'You say in Chapter 1 that one of the daftest things we ever did in schools was stop teaching grammar. Excuse me, but I said that before you did! During the 1970s I was one of the leaders of the movement to bring grammar back. During the 1980s and 90s I spent hundreds of hours trying to make good the deficiencies in teacher training, wrote Rediscover Grammar to help improve the situation, and was a member of Randolph Quirk’s team that compiled the magisterial Comprehensive Grammar of the English Language. I am still doing it. The emphasis is always on the rules of grammar – but on the tendencies, too, where there are no hard-and-fast rules.
'You seem very hung-up on the phrase ‘anything goes’, which you put into my mouth. You use it again at the beginning of Chapter 1. If it applies to anyone, it was to the teachers of creative writing in the 1970s. That’s when I first heard it used – by literature teachers, not by linguists. It was never used by linguists, ever. As I point out in The Fight for English, no linguist would ever say such a stupid thing – it goes totally against the principles of linguistics - and I certainly have never said it. But, as I mention towards the end of The Fight for English, it is the kind of glib phrase that people who don’t like linguists claim they say.
'We need a dependable common language if we are all going to get by, you say. Again, excuse me, but I said that before you did. I’ve written a huge amount about standard English, how it evolved, and why it is important today as a means of ensuring national and international intelligibility. You talk about the attitude of ‘academic experts’, and then refer only to me, so I suppose you must be having me in mind all through that section. Yet I stress the importance of standard English always.
'You say I do not think it matters if we put apostrophes in the wrong place. Sorry, but where on earth did you get that view from? Not from anything I have ever said or written. Of course it matters, in modern standard English. I say so in many places. I would correct ‘Lecturers Pay Dispute’ and the other examples just as much as you would, and it is wrong of you to suggest otherwise. When you talk about my discussion of potato’s – I assume you are referring to p. 455 of my How Language Works – you report only half of what I say. On p. 456 I go on: ‘None of this is to deny the importance of having people learn the standard spelling and punctuation’. Why do you ignore this? If you had one of your interviewees suppress half the truth of a topic, wouldn’t you give him a hard time? ‘Indeed, he says, it is perfectly acceptable in the twenty-first century’. No; he does not say any such thing. All I said was that it was perfectly intelligible, because – as you seem to agree – context is everything. I do not recommend it, either in How Language Works or anywhere else; and it is wrong of you to say that I do.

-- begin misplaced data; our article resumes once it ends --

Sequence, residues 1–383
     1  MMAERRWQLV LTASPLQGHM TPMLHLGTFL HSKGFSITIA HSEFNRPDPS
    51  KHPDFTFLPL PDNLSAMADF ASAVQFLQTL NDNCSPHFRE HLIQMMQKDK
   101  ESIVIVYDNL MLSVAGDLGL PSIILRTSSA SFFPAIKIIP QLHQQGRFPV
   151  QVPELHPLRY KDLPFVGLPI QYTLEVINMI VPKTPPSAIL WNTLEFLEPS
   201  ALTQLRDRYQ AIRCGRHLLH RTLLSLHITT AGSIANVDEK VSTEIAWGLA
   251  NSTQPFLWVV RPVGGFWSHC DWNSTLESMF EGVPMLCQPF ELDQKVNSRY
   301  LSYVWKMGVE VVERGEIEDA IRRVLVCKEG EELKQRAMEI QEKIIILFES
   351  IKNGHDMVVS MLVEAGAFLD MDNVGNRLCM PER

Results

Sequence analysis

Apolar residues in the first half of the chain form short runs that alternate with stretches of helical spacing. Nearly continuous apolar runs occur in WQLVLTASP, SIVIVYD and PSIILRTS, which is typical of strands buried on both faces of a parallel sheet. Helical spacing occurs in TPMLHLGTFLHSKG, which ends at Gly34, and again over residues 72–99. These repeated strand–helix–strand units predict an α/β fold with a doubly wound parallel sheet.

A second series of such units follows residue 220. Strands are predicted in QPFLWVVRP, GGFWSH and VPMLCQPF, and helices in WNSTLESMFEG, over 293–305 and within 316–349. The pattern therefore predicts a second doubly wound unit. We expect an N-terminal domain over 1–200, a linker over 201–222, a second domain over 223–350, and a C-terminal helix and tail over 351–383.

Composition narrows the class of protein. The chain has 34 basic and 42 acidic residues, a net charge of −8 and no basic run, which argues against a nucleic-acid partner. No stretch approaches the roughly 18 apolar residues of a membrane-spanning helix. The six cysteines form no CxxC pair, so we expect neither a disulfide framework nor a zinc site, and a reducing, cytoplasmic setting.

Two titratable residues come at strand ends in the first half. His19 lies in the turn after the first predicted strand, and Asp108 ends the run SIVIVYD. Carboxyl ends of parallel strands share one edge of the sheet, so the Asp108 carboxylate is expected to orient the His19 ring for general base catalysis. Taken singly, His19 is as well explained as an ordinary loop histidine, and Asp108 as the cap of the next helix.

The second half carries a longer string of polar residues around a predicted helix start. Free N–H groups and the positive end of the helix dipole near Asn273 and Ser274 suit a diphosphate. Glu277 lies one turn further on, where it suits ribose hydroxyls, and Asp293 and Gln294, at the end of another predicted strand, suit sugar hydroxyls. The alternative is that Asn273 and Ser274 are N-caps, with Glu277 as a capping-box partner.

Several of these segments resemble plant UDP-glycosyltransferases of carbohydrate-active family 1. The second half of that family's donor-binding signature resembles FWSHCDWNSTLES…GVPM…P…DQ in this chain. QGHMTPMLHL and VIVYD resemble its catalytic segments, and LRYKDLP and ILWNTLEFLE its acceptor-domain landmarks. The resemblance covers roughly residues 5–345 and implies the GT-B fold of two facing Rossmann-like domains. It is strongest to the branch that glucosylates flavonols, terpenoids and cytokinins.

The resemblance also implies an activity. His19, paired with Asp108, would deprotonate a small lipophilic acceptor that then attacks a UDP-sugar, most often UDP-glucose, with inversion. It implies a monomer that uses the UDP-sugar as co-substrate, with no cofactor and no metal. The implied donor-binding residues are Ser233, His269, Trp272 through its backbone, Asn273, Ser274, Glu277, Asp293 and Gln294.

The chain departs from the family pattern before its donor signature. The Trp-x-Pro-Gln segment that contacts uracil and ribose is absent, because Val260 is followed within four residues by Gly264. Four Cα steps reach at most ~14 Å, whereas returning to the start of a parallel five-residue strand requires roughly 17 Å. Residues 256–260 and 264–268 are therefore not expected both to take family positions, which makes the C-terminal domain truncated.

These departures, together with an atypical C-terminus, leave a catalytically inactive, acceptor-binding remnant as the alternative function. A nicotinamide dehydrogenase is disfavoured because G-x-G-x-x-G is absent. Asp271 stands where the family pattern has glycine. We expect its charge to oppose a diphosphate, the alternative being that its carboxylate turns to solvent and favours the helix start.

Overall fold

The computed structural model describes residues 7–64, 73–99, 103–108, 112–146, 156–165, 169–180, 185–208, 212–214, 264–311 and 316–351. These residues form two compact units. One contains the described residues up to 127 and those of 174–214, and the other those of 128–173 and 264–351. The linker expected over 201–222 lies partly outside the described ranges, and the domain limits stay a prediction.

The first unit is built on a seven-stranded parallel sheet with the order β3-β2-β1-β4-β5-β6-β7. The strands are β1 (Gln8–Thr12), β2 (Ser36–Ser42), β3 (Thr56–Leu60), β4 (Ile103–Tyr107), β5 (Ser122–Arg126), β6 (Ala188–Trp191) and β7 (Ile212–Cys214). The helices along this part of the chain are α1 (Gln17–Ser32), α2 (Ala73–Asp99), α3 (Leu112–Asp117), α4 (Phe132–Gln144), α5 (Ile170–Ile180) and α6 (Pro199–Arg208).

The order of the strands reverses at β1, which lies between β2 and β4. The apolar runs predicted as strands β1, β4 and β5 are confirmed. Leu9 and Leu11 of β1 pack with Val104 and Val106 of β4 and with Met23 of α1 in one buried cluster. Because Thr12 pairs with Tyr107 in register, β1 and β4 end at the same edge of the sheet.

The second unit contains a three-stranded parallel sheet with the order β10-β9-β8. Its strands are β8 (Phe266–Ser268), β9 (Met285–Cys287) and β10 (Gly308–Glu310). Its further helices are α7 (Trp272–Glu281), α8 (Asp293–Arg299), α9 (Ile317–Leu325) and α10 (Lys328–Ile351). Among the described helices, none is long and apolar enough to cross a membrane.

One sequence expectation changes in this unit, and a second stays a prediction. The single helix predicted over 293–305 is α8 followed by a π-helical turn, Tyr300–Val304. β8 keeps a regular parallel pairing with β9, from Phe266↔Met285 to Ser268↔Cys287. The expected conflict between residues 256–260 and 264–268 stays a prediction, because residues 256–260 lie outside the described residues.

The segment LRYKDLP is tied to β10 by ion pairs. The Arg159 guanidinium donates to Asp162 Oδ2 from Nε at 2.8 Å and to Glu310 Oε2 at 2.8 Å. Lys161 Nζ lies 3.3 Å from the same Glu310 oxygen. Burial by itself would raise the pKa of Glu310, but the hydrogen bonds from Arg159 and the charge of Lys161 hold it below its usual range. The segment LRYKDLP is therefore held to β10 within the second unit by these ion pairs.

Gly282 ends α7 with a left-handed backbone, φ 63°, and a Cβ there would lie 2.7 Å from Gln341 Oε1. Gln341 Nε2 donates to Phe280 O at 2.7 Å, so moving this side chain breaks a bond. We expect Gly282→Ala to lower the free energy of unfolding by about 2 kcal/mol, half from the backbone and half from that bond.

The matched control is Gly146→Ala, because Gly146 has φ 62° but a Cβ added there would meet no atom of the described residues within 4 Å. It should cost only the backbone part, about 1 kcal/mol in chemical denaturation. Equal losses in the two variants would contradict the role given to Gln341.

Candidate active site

'You have, it seems, confused explanation with recommendation. When I talk about Johnson and Shakespeare and the others using a plural apostrophe, I am trying to explain why there is a problem in the language – a problem (all to do with words which end in vowels) which is still with us today. But since Johnson’s time, standard English has emerged. The recommendations one would make in the 18th century cannot be the same as one would make today, therefore. Today, we have to follow the rules, otherwise we fall into the traps you mention. You see this. I see this. Why were you not able to see that I see it?
'The answer, I suspect, is that you have developed a mindset about me which makes you see in me only what you want to see. You routinely and rightly try to puncture such mindsets when they blandly present themselves to you on Today. Do I have any chance of persuading you that your own mindset here also needs a bit of puncturing? Here are some other examples.